A chilling, internationally acclaimed political thriller is a grand achievement in contemporary Latin American fiction, written by the youngest winner ever of the Alfaguara Prize — one of the most prestigious in the Spanish-speaking world — and translated from the Spanish by one of our most celebrated literary translators, Edith Grossman. It evokes Holy Week during a cruel, bloody, and terrifying time in Peru's history, shocking for its corrosive mix of assassination, bribery, intrigue, torture, and enforced disappearance — a war between grim, ideologically-driven terrorism and morally bankrupt government counterinsurgency.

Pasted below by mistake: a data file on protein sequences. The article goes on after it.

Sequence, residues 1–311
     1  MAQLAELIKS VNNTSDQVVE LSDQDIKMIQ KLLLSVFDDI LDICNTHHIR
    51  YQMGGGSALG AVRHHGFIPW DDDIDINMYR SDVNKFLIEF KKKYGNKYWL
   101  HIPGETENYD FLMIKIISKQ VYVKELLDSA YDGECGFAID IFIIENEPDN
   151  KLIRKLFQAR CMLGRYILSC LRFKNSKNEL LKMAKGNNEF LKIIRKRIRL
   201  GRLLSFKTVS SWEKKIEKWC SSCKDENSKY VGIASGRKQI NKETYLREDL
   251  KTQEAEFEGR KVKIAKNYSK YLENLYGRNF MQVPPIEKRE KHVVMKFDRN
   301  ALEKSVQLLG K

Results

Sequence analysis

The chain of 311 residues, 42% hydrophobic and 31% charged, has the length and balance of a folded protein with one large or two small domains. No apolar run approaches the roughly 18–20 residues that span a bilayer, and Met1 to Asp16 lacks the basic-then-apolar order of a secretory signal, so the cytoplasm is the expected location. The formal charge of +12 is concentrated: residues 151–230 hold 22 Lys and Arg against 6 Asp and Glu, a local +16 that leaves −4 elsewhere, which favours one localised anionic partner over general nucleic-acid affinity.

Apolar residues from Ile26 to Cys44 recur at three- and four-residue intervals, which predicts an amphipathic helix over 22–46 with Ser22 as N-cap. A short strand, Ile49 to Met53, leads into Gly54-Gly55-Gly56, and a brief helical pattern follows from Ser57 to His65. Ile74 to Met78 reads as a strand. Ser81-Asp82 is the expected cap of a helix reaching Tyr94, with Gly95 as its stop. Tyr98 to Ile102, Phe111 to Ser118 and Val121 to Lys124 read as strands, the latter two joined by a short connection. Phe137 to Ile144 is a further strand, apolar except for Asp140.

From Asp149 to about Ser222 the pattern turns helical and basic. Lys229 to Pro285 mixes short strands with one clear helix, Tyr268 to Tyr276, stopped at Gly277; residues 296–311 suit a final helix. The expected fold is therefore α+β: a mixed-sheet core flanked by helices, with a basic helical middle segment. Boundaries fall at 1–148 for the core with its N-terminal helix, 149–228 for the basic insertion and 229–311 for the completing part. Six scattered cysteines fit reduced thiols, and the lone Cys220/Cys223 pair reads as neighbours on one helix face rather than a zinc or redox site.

Mother-haunted, wife-abandoned, literature-loving, quietly eccentric Felix Chacaltana Saldivar is a hapless, by-the-book, unambitious prosecutor living in Lima. Until now he has lived a life in which nothing exceptionally good or bad has ever happened to him. But, inexplicably, he has been put in charge of a bizarre and horrible murder investigation. As it unfolds by propulsive twists and turns — full of paradoxes and surprises — Saldivar is compelled to confront what happens to a man and a society when death becomes the only certainty in life.
Stunning for its self-assured and nimble clarity of style — reminiscent of classic noir fiction — the inexorable momentum of its plot, and the moral complexity of its concerns, is at once riveting and profound, informed as it is by deft artistry in the shaping of conflict between competing venalities. As the declares, "Lima is once again one of Latin America’s brightest literary scenes."